The problem with that is that most of us aren’t Le Guin or Tolkien, nor are we trying to be. What does that say about us? If literary works like those written by Gene Wolfe are the highest form of our art, are the rest of us simply hacks? That argument may prove that there is literary value to some fantasy and sf, but it doesn’t really do anything for the genre as a whole. I have the same problem with the argument that points toward literary fiction, published by important authors outside genre fiction, which have fantastical elements. This argument says “Look, Beloved has ghosts! It’s really fantasy! What do you think of that?” This argument simply says that fantastical elements to not trash make, but does little to prove that we—as fantasy writers—are doing anything of value.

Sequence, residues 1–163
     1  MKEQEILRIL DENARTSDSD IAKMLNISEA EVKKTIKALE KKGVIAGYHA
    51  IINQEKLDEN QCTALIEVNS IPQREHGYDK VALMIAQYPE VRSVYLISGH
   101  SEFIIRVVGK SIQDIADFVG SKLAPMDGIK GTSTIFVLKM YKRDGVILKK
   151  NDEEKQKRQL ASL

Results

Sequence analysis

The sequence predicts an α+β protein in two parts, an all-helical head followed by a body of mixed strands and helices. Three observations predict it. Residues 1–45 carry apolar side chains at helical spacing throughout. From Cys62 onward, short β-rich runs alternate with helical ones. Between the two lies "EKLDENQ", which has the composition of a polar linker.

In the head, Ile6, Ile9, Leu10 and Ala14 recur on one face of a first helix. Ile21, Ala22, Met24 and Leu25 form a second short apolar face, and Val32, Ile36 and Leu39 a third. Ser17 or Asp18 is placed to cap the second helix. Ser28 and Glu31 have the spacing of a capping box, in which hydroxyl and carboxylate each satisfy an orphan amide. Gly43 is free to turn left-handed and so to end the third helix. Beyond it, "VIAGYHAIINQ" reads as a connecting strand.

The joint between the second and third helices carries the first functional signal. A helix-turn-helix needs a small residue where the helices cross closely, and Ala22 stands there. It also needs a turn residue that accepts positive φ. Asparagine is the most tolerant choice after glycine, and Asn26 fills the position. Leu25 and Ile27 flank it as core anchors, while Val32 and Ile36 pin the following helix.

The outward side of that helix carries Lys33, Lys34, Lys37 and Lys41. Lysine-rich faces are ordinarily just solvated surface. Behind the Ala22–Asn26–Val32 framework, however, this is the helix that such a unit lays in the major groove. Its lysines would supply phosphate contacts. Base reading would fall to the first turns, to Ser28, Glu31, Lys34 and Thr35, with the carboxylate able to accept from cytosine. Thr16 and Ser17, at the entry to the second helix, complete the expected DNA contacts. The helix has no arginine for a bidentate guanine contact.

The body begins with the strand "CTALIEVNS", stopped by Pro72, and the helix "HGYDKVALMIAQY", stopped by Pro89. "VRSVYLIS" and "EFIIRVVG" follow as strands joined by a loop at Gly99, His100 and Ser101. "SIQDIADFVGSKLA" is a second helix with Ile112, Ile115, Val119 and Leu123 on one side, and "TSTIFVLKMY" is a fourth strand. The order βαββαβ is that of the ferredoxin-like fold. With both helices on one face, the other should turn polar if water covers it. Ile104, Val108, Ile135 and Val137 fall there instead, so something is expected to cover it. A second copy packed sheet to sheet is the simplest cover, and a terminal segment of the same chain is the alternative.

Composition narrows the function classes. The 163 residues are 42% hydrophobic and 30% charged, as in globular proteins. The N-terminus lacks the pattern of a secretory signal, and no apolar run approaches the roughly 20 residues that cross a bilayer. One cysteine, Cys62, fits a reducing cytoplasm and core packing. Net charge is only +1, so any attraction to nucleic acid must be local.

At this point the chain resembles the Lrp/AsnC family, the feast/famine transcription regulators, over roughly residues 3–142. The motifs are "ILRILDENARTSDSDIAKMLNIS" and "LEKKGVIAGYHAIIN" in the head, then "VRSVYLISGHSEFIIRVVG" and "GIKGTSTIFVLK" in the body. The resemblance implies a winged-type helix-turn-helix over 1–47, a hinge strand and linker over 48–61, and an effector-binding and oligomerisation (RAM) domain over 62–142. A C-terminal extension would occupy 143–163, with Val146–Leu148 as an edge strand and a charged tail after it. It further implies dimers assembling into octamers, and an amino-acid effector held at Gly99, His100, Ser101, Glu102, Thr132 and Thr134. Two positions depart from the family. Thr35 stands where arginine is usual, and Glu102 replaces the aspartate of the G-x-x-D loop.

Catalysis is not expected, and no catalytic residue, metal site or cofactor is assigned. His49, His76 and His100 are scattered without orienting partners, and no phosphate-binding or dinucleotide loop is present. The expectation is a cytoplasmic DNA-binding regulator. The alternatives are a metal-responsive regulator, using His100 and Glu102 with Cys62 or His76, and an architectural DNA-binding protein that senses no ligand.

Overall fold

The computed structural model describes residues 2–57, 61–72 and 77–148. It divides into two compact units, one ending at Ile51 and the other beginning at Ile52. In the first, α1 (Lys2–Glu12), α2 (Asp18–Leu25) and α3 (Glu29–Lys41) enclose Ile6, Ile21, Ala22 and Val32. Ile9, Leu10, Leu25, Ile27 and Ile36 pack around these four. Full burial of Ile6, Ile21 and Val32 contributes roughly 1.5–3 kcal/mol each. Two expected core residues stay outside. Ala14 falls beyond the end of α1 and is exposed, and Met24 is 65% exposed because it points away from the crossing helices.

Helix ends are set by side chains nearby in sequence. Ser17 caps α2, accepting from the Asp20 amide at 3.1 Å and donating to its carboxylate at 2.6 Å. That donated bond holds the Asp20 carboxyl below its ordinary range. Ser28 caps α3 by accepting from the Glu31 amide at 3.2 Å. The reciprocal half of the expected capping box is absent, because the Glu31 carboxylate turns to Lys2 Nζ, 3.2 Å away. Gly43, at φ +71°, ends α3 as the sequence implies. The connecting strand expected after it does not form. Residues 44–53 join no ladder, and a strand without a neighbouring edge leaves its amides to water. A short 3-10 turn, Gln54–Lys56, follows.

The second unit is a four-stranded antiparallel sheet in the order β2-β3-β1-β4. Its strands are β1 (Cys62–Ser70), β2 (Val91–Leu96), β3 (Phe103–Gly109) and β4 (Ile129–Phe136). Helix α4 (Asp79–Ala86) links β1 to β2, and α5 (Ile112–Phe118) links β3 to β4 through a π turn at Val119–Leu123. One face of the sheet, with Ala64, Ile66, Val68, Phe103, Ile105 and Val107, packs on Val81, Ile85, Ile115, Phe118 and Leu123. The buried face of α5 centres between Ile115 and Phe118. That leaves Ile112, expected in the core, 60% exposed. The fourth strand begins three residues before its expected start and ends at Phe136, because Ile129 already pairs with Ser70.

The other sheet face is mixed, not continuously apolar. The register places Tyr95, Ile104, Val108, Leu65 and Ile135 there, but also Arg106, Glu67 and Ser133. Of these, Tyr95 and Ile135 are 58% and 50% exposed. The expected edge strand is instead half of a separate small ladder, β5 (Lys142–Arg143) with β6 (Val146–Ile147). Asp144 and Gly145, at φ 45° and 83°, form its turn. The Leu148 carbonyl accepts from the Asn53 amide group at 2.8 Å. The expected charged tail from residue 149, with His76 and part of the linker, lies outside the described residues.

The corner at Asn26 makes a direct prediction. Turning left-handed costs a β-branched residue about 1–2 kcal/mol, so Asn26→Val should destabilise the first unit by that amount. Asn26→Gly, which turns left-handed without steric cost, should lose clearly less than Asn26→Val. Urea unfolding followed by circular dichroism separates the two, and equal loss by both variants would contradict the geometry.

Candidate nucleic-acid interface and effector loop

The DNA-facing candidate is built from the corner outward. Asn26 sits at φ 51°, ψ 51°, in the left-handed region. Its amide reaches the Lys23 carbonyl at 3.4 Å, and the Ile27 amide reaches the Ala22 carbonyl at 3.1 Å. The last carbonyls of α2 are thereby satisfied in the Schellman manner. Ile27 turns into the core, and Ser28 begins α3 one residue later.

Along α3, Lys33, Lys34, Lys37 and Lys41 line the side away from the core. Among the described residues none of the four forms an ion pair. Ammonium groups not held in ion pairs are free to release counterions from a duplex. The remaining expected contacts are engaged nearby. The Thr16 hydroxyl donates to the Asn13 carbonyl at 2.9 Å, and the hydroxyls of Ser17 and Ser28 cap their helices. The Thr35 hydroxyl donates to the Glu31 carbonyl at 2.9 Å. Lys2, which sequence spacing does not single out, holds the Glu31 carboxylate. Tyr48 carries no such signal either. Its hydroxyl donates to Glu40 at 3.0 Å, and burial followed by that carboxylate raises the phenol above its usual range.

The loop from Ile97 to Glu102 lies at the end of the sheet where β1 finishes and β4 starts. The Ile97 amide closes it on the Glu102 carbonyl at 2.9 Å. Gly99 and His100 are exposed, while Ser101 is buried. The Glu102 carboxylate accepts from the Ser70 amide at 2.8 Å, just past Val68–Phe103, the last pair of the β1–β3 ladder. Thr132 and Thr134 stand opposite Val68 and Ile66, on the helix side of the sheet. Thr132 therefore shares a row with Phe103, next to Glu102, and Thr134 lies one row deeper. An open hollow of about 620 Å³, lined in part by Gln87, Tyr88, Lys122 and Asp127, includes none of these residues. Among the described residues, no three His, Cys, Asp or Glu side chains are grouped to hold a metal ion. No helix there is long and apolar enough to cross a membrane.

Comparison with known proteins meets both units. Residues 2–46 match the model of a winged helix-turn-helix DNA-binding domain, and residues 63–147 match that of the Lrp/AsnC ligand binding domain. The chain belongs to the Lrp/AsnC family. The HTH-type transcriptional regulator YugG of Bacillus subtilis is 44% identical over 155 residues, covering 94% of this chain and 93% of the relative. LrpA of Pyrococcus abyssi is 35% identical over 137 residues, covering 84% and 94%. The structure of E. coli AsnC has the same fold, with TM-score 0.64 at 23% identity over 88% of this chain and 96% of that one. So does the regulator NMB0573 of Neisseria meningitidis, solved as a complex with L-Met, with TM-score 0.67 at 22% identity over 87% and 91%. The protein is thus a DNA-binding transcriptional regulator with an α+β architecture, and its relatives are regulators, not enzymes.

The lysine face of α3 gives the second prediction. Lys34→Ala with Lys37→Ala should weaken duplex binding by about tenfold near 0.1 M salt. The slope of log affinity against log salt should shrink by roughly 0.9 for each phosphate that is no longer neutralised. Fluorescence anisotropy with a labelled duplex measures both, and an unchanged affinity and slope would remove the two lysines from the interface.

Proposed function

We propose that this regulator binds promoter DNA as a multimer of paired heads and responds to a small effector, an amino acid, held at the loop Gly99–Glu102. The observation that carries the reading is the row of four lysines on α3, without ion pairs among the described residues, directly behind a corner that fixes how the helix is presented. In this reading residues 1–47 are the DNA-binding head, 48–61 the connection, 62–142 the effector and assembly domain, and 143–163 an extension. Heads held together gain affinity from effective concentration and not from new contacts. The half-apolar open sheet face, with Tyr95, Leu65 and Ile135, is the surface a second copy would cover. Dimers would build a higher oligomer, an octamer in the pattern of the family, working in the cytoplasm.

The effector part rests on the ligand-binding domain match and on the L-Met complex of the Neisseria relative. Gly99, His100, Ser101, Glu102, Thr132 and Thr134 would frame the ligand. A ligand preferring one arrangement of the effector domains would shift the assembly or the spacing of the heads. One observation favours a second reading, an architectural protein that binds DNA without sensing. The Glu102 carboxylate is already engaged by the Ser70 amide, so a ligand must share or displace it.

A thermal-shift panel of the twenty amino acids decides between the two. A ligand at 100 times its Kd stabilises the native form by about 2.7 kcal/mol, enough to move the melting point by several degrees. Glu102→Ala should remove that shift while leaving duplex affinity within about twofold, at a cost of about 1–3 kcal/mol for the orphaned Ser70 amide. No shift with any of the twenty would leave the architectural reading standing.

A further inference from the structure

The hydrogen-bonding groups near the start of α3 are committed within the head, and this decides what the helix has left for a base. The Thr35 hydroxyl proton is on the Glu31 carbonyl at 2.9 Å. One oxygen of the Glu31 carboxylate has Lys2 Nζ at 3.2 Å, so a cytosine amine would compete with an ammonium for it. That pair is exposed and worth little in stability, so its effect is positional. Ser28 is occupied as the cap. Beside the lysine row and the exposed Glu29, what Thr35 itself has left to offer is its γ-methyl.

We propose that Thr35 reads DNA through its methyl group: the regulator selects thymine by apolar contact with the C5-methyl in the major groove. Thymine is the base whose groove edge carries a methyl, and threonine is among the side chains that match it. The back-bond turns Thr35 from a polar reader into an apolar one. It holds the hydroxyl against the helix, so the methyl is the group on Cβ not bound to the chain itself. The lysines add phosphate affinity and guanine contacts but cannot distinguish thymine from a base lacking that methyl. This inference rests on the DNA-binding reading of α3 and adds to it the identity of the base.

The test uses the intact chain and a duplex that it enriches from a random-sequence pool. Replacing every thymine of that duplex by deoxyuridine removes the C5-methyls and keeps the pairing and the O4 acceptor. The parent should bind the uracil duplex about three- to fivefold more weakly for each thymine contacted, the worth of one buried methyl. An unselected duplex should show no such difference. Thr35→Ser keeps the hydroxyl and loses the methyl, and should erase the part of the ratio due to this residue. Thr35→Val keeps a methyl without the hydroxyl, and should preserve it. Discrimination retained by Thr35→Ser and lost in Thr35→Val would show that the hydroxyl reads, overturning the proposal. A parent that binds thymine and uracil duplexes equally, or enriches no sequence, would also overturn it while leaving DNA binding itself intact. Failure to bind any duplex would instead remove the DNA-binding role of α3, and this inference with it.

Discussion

One final argument tries to take literary or scholarly conventions and apply them to our own works, striving to gain scholarly credibility by talking about genre fiction in a literary way. People who make this argument generally subscribe to the “90% of everything is crap” fallacy, but their own favorite books always end up in the 10% that isn’t. (I’ll talk about this problem in another rant.) Even those who don’t pass judgment upon most of what’s out there are, in my opinion, participating in a method of argument that simply doesn’t do us any good as a genre.
You can’t use their rules to define what makes good literature, folks. They—the literary scholars—created those rules to describe a certain kind of writing, and we ain’t it! Trying to prove that popular fantasy books have literary value by using the establishment’s arguments is like trying to prove that the Jews are a wonderful and charitable people by using Mien Kamph!
Genre fiction does something different from literary fiction. Scholarly writing—whether it be a thick book about the lost tribes of Israel, or whether it be the new densely-prosed, New Yorker-style work of fiction—seeks primarily to engage the mind. In my opinion, that’s not what I’m doing as a writer. Yes, I like clever plots and interesting magic systems. Popular fiction, however, at its core is about emotion.